"What good is it to be in town?" Laura said. "We're just as much by ourselves as if there wasn't any town." "I hope you don't expect to depend on anyone else, Laura." Ma was shocked. "A body can't do that."
The Long Winter: Cold Comfort; Or, In Which I Don't Even Try To Fight The MetaphorUnfortunately, that's exactly what they do have to do now. Running out of wheat, potatoes and grain entirely, Pa finally goes over to 'Manzo's place, where — no fool he — he has divined that the young farmer has hidden his seed crop behind a false wall. "Say, that's my seed wheat; and I'm not selling it!" Almanzo yells, and Pa, once a proud, independent farmer, grimly replies, "We're out of wheat at my house and I am buying some."
But Almanzo, who also understands the effect the railroad has on the town's economy, already took the precaution of building the wall because he knew exactly what it would mean if the railroads stopped running:The Long Winter: Cold Comfort; Or, In Which I Don't Even Try To Fight The Metaphor
...this storm'll hold up the train till after Christmas at best." "Maybe not, but I know you, Roy. You're not a farmer, you're a storekeeper. A fellow comes in here and says, "What's the price of your wheat?" You'll say, "I'm sold out of wheat." He says, "What's that in those sacks? You tell him, "That's not my wheat, it's 'Manzo's. So the fellow says, "What'll you boys sell it for?" And don't try to tell me you'll say, "We won't sell it. No, sirree, Roy, you're storekeeper. You'll say to him, "What'll you give?" "Well, maybe I would," Royal admitted. "What's the harm in that?" "The harm is that they'll bid up prices sky-high before a train gets through. I'll be out hauling hay or somewhere and you'll figure that I wouldn't refuse such a price, or you'll think you know better than I do what's for my best interests...I'm nailing up my seed wheat so noboddy'll see it...and it'll be right here when seedtime comes."
Royal's a market man — his view is that the seed is worth what it's worth now, and if he did sell off 'Manzo's seed crop to a demanding public, he would be making a good deal for his little brother. But 'Manzo has faith in the actual worth of its seed and its capacity, literally, for growth. It doesn't matter how much money he could get out of his seed as a commodity — what if he could never buy the seed back? Home isn't about the market's determination of worth — it's about the worth of what the home can actually produce, absent a boom or a bust: "His homestead would depend on his having that seed wheat to sow. He would not sell it for any money. It was seed that made crops. You could not sow silver dollars." 4. The Free Market I find it the book's greatest irony that 'Manzo, since he doesn't want to sell his own seed wheat, actually sets off, with Cap Garland (who always seemed TOTALLY hot to me with his glittering eyes and temper) on a wild-goose chase to find some settler who may or may not exist out on the prairie (Russia?) to sell him his seed wheat, since he's divined from Mr. Ingalls's act that many townspeople are either starving, or soon will. The lonely homesteader, who, like 'Manzo, also wants to keep the fruits of his labors ("I like to killed myself breaking 40 acres last summer") gets decimated by 'Manzo's devasting blast of fearmongering, self-righteous morality and good common sense:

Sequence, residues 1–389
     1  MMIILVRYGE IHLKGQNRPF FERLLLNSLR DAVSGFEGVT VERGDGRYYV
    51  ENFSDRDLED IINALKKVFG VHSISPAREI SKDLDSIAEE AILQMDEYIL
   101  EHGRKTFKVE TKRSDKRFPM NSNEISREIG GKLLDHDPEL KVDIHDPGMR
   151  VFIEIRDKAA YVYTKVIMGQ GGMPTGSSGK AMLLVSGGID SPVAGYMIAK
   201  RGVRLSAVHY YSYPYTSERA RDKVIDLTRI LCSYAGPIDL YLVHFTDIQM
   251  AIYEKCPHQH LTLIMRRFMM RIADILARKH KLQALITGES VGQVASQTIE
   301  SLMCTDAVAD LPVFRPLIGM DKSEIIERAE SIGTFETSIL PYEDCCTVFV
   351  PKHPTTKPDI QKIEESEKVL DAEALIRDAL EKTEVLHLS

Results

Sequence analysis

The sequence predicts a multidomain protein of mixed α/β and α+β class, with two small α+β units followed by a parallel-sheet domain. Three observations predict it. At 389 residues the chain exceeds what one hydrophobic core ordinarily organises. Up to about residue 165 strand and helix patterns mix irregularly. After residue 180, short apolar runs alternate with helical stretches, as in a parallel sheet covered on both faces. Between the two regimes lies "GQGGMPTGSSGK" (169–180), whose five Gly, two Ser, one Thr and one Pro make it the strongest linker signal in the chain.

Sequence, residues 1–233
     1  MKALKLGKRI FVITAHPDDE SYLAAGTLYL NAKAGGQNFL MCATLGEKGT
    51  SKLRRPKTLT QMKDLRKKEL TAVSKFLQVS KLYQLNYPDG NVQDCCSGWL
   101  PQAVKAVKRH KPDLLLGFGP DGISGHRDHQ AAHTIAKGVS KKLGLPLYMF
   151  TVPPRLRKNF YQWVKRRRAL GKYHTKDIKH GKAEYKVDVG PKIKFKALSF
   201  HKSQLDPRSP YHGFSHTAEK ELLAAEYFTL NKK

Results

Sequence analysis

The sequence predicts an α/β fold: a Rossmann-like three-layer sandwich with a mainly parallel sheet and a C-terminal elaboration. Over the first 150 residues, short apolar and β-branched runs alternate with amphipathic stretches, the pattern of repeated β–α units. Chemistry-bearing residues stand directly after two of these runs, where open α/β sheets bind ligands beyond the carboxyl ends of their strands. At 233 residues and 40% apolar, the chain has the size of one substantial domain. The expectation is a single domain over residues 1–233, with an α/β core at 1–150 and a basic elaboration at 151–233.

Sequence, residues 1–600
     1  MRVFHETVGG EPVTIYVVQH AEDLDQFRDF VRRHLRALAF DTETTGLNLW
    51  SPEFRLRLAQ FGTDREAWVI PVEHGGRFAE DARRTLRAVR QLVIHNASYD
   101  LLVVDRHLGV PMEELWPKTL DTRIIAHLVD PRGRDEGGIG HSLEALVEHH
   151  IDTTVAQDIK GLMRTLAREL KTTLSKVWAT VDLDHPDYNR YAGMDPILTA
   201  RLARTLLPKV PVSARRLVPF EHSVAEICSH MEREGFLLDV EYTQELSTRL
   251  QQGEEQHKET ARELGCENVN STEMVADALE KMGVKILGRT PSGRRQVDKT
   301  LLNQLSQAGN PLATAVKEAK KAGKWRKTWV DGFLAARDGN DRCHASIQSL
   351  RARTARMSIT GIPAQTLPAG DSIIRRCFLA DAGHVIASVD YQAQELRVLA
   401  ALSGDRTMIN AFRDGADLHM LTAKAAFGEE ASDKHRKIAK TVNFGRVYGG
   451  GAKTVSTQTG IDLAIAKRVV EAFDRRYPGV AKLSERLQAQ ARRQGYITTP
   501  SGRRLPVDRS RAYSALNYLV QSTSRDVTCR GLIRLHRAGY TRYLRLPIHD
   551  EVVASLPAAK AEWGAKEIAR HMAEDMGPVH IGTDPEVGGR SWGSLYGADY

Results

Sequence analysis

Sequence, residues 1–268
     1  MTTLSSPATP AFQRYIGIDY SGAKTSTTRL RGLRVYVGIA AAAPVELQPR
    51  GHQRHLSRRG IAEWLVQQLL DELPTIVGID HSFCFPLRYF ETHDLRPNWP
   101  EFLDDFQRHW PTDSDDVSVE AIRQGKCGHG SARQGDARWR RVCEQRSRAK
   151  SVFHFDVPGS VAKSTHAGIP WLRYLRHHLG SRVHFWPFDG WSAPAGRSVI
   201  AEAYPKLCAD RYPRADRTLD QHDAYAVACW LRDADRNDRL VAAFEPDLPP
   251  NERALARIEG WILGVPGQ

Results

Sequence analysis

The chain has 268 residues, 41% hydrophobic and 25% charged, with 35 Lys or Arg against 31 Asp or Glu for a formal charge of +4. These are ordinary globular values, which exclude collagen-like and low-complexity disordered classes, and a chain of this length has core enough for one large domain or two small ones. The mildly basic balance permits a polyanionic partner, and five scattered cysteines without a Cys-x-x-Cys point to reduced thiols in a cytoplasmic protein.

"There's women and children that haven't had a square meal since before Christmas," Almanzo put it to him. "They got to get something to eat or they'll starve to death before spring." "That's not my lookout," said Mr. Anderson. "Nobody's responsible for folks that haven't got enough forethought to take care of themselves." "Nobody thinks you are," Almanzo retorted. "And nobody's asking you to give them anything. We'll pay you the full elevator price of eight-two cents a bushel, and save you hauling it to town in the bargain." "I've got no wheat to sell," Mr. Anderson answered, and Almanzo knew he meant what he said. Cap asked him reasonably, "Well, for that matter, how do you know you'll make a crop?" "The only thing you're sure of is cash in your pocket," said Almanzo.
And yet, this isn't true either, exactly — since when 'Manzo and Cap return home and hand the wheat over the the man who's paying, the storekeeper Mr. Loftus, he then raises the price to $3 a pound, until the townspeople remind him that if he holds them over a barrel when they have no other options, they'll be sure to remember when the railroad runs in the spring and they have more shopping options. The Long Winter: Cold Comfort; Or, In Which I Don't Even Try To Fight The MetaphorWhen I started this column, since this is a book about a long, cold season, I thought I'd be mostly interested in amassing a bunch of Ma and Pa's standard Pollyanna admonishments for use in the days to come, as I slowly put aside my beloved Bluefly buys. ("Salt brings out the flavor of the potato! Don't be ungrateful for what you have, for you'll soon wish you had it! Let's make some delicious preserves from these green tomatoes the frost killed!") While if another bank closes I plan to return to these chapters for these and other enlivening materials immediately, I find I am much more interested in everything that goes on outside that house. I'd never noticed how much this book marks exactly where farmers, government, empire and industry truly did enter their unholy alliance, and the dangers involved therein — especially when you can't depend on small-government agitators to always drop you a twenty when you need it, or for libertarians to go off on a life-threatening goose chase to find someone else willing to sell you wheat if they don't feel like selling their own wheat at any price, and you're starving to death. Also, I don't know how to make green tomato preserves, or to preserve anything. But I do know this: you can't sow complex derivatives. God, I hope that train gets here soon. • • • • • Bad news, my beauties — 'Fine' Lines too has been hit hard by the economic blizzard, and, like all non-essential items (I think of us as a tin of oysters, but butter works too), we are going to have a hard time getting through with all the train lines all snowed in this way. Which is to say, Anna and I are trying to clear the cuts but goddamn. Look out for us, just not necessarily on schedule. In the meantime, may I suggest you try our archives? I am pleased to remind you, however, that the book remains on, much like Ma's button lamp sucking up axel grease. If you'd like to be put on the mailing lists for announcements, denouncements and various and sundry informations, please click here or send an email to jezziefinelines@gmail.com with COLD STORAGE in the subject line. You can also use the jezziefinelines@gmail.com email for any communications in the meantime; I love to hear from you! The Long Winter Lizzie Skurnick [TheOldHag] Earlier: Remember Me: After Birth, After LifeBridge To Terabithia: Troubling The WatersFlowers In The Attic: He Ain't Sexy, He's My BrotherA Little Princess: A Reversal Of Four BunsTiger Eyes: Cuando Los Lagartijos CorrenHomecoming: A Dicey ProspectGo Ask Alice: Alice Doesn't Live Here Anymore